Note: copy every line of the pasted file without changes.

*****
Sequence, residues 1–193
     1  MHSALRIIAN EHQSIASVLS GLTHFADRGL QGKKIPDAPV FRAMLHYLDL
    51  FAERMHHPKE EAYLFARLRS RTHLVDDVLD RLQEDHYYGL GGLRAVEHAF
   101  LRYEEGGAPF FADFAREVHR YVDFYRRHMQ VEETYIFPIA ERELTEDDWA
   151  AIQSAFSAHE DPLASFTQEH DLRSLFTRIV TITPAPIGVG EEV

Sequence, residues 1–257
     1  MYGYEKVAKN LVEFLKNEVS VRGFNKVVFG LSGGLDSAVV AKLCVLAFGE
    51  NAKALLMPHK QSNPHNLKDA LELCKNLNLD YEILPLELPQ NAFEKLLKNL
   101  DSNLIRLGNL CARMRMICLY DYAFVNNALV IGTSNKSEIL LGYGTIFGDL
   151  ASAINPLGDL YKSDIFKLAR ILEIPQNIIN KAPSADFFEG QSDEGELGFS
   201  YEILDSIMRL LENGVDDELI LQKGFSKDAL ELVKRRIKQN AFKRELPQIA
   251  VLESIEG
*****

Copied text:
Sequence, residues 1–193
     1  MHSALRIIAN EHQSIASVLS GLTHFADRGL QGKKIPDAPV FRAMLHYLDL
    51  FAERMHHPKE EAYLFARLRS RTHLVDDVLD RLQEDHYYGL GGLRAVEHAF
   101  LRYEEGGAPF FADFAREVHR YVDFYRRHMQ VEETYIFPIA ERELTEDDWA
   151  AIQSAFSAHE DPLASFTQEH DLRSLFTRIV TITPAPIGVG EEV

Sequence, residues 1–257
     1  MYGYEKVAKN LVEFLKNEVS VRGFNKVVFG LSGGLDSAVV AKLCVLAFGE
    51  NAKALLMPHK QSNPHNLKDA LELCKNLNLD YEILPLELPQ NAFEKLLKNL
   101  DSNLIRLGNL CARMRMICLY DYAFVNNALV IGTSNKSEIL LGYGTIFGDL
   151  ASAINPLGDL YKSDIFKLAR ILEIPQNIIN KAPSADFFEG QSDEGELGFS
   201  YEILDSIMRL LENGVDDELI LQKGFSKDAL ELVKRRIKQN AFKRELPQIA
   251  VLESIEG